Wisconsin Construction Lien Flow Chart

Blog Post by Barry R. White

Wisconsin law gives contractors, subcontractors, laborers and material suppliers the right to file construction liens against property they have improved if they are not paid. The law is Wis. Stats. §779.01 et seq. The law imposes quite a few notice requirements and deadlines. If a claimant fails to give a required notice (usually to the owner of the property) or does not give it on time, the claimant loses any lien rights. Contractors frequently ask me questions about whether a particular notice is required on a particular job or whether it is too late to send a notice. To try to help contractors understand what notices are required and when they must be given, I created a flowchart that I hope helps contractors understand what they must do in order to preserve their lien rights.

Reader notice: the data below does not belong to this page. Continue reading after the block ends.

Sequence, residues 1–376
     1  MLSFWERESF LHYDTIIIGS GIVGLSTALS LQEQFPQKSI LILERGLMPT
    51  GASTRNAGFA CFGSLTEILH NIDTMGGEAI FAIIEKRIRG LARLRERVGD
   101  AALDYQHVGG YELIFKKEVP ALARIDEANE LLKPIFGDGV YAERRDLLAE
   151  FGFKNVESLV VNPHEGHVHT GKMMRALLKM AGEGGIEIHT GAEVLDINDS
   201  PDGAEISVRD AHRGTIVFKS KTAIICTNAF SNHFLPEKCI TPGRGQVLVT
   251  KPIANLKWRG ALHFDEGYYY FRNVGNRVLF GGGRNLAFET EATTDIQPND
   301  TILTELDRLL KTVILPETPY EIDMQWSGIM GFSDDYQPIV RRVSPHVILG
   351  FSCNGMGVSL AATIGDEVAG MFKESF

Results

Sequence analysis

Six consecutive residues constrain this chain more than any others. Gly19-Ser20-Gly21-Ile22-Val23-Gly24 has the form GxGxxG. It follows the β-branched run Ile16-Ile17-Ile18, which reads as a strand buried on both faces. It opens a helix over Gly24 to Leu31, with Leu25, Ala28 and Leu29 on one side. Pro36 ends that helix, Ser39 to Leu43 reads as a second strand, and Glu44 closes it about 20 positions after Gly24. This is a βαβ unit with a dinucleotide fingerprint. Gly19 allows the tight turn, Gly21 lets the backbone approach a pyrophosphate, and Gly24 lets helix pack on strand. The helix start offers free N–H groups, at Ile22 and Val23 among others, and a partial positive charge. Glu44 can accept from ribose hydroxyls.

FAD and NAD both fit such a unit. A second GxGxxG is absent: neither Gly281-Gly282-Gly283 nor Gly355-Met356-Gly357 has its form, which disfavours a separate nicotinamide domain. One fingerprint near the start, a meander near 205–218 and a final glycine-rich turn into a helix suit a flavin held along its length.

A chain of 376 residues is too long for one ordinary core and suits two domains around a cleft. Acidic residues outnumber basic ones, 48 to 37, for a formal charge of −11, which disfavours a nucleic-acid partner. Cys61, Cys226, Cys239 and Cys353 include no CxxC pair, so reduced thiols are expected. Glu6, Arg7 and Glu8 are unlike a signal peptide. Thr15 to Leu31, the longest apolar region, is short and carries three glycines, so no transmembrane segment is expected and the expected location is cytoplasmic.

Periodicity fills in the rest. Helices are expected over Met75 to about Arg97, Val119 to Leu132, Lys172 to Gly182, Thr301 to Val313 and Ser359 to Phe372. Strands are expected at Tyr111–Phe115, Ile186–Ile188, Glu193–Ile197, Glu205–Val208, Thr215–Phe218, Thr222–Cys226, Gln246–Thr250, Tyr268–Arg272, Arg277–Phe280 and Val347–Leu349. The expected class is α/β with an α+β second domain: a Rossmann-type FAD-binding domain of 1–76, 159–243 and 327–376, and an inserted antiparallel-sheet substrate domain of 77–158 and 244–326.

Please see pdf of flowchart below:

Wisconsin Contruction Lien Flow Chart

Disclaimer

The comments and opinions expressed in this blog are intended for informational purposes only and do not constitute legal advice. Reading or using the information in this blog does not create the existence of an attorney-client privilege. Due to the changing nature of the law, the blog posts may contain dated material. For an update on the current law and the application of the law to your particular facts and circumstances, consult a legal advisor. The information contained herein is not a substitute for obtaining legal advice from a qualified attorney licensed in your state.